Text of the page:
A lot has changed since the world last heard from The Last Shadow Puppets. The supergroup, consisting of Arctic Monkeys frontman Alex Turner and Miles Kane of former Rascals fame, has laid dormant for eight years. In that time, Arctic Monkeys released three albums, including their US breakout and BRIT award winner AM. The Rascals rose and fell, and Miles Kane shifted his focus to a solo career. It’s no wonder they took so long to finally reconnect.
The musical reunion has come to fruition in the form of Everything You’ve Come to Expect, an unconventional sophomore album in every sense of the word. It is, perhaps not surprisingly, difficult to come across a Shadow Puppets interview in which the following aren’t a factor: alcohol, fashion, and Turner and Kane’s impeccable way of falling into their own little world. This seems to be the approach that they took with the album as a whole- with seldom a thing to worry about besides each other, they were free to go as wild or remain as reserved as they wanted. The rock moguls have no one to impress but themselves, with more than enough of a track record between the two of them to cement their place in the business.
Visually, the promotional images on Everything look like they jumped out of the 1970s, most notably one shot of the pair in velour tracksuits. And indeed, the lead single Bad Habits exudes the same grungy, underground feeling that draws many aspects of this era to the mind. As for the rest of the album, the similarities with the dark rock’n’roll phase of the 70s more or less ends there. It opens up on a note, literally, that sounds utterly cinematic. This is the beginning of “Aviation,” a song that feels distinctly Puppets while incorporating Turner’s unmistakable crooning. His is a style that is so easily recognizable that it could turn heads in this new context. For only the fact that it leaves on a rather unsatisfying point, like an incomplete sentence, the crafting of this song more than makes up for it in strings and backing vocals, paired with a killer chorus.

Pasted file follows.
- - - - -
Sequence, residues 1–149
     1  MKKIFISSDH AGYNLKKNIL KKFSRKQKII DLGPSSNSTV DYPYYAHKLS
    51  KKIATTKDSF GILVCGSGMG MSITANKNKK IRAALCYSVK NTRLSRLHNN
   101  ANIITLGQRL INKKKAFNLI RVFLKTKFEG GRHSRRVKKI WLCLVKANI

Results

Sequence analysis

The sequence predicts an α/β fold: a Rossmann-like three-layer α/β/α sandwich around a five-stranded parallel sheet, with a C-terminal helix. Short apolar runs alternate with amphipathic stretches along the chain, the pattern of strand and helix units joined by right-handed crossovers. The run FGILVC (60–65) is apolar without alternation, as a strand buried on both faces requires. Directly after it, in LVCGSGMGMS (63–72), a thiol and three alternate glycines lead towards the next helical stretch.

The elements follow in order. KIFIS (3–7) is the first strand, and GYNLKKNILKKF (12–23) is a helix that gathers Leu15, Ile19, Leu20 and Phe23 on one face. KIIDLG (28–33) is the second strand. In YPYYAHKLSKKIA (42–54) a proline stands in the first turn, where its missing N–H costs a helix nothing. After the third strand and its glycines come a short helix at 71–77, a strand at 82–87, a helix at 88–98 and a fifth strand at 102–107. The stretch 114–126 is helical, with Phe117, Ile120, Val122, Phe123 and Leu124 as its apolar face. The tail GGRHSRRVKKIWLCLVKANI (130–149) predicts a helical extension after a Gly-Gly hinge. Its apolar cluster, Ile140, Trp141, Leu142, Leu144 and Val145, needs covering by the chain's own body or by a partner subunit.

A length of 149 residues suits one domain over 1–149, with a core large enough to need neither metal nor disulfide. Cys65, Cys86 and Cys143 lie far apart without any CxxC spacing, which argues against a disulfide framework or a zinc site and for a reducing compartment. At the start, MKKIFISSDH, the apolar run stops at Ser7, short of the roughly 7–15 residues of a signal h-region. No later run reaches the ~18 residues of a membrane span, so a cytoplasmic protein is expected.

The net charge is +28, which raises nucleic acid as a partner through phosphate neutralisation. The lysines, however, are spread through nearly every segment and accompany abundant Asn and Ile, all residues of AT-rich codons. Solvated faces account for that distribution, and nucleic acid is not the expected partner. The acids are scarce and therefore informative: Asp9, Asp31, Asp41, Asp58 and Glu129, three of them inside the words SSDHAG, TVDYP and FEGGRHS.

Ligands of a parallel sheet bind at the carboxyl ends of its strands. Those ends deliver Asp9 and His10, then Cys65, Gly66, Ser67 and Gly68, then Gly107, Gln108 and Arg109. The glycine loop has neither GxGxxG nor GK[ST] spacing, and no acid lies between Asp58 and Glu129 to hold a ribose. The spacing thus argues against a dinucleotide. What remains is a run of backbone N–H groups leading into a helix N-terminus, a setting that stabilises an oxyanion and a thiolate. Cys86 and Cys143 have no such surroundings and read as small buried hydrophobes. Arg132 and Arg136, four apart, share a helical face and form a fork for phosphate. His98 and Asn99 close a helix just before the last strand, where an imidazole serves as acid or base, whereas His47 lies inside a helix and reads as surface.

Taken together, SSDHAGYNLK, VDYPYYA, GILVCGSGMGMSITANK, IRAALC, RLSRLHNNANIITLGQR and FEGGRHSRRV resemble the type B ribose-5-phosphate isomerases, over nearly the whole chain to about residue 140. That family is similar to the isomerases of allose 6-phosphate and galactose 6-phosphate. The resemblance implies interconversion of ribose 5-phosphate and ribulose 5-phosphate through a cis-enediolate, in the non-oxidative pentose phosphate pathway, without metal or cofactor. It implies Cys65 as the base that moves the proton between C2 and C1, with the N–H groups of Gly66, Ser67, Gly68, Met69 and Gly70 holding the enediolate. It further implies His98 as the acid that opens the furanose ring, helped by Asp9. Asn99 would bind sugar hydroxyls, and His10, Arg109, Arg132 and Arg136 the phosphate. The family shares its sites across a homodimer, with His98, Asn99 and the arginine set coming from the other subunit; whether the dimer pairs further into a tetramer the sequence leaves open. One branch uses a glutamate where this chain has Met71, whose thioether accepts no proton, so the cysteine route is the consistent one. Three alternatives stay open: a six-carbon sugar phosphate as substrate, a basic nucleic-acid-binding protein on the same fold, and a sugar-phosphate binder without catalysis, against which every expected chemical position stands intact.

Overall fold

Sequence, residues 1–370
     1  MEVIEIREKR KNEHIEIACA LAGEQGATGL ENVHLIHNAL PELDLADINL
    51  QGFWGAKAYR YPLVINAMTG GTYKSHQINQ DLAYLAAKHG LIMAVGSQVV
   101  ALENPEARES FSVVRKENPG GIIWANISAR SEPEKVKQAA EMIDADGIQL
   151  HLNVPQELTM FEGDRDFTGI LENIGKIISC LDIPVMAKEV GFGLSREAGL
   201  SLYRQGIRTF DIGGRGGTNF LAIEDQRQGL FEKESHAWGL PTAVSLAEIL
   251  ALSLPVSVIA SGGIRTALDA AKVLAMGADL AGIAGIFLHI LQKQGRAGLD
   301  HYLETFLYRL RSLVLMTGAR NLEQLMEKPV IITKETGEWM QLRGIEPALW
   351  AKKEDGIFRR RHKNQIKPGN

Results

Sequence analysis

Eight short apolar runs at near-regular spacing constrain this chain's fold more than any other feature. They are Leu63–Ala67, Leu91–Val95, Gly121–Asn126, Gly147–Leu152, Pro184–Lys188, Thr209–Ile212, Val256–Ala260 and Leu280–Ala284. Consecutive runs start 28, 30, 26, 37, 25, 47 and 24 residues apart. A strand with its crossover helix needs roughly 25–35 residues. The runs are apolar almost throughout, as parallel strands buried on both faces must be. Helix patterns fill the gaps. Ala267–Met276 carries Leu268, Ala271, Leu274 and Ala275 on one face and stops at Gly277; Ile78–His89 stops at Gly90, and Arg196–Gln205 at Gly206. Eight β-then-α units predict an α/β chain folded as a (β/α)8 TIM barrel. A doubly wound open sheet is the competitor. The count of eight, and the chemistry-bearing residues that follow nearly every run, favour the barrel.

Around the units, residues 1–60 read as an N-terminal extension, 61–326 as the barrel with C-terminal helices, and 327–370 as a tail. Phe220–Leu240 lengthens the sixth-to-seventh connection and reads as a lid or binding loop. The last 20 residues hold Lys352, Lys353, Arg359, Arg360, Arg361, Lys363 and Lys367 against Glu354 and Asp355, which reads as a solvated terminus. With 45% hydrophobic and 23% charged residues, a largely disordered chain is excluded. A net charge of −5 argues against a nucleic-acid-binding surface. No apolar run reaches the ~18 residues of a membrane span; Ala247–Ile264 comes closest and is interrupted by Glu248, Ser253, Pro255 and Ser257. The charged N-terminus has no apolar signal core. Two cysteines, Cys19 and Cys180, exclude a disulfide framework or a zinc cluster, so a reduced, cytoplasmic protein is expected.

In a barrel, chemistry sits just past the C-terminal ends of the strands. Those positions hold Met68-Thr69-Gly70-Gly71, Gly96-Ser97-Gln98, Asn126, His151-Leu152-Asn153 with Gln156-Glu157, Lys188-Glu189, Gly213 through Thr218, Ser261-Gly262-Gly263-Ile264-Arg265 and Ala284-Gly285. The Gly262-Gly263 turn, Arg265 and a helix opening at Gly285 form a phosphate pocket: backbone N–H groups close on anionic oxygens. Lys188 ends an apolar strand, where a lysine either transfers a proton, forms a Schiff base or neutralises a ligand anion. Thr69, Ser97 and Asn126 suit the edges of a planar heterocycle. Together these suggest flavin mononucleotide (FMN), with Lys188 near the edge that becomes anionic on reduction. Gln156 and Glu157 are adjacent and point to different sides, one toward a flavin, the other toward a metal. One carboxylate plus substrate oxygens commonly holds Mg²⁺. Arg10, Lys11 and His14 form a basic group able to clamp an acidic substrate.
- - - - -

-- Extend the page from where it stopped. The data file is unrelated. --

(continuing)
While this is a chance to experiment a bit with his exceptional, unique lyricism, there is still something so quintessentially Turner that pulses throughout the entire album. Take “Dracula Teeth” as an example. “The full moon’s glowing yellow and the floorboards creek / c’est horrifique” is not a line that anyone would expect to hear on a Monkeys album, and yet, it makes perfect sense in the context of Turner’s work. Dracula Teeth stands out for its content above all else, with lyrics as spooky as the title may imply. It’s a sultry, seductive spin on the myth we all know and love. The kind of content is what the Turner/Kane partnership has the power of producing.
The album follows with a matching pair of very poetic, beautifully produced songs. The title track includes a rather strange rainy-sound intermission that, in its own way, accents the mood of the track perfectly. In a lush lyrical and string-based landscape, it is certainly a daring choice that pays off. Among the almost nonsensical lyrics is the line “croc skin collar on a diamond dog,” fittingly recalling the eternally influential David Bowie. This takes an interesting turn with “Sweet Dreams, TN.” It’s a slow song, but not in a way that you would immediately think. The backing instrumentation is still as loud and textured as a rock song, with Turner’s voice piercing through to convey the rather blunt lyrics.
The instrumentation and production are really what carry the album beyond this point. The piano in “The Dream Synopsis” is simply perfect, with that gentle little accent to the melody around it that creates a perfect marriage. “She Does The Woods” feels too densely wordy to particularly enjoy until an unexpectedly simple bit of instrumental music towards the end draws a sharp attention, contrasting what is going on in the rest of the song. These kinds of balances are what The Last Shadow Puppets have done so well with on their album.
Alex Turner and Miles Kane have perfected the cultivation of the classic rock star image. It bleeds through to Everything You’ve Come to Expect, which is at times a little retro, a little raunchy, and a lot reminiscent of both their aesthetic. In a bittersweet sort of way, we can only hope that TLSP don’t take another long hiatus following this. While it would be detrimental to their respective projects, there’s no denying that Turner and Kane elevate each other to a certain artistic level when they get together.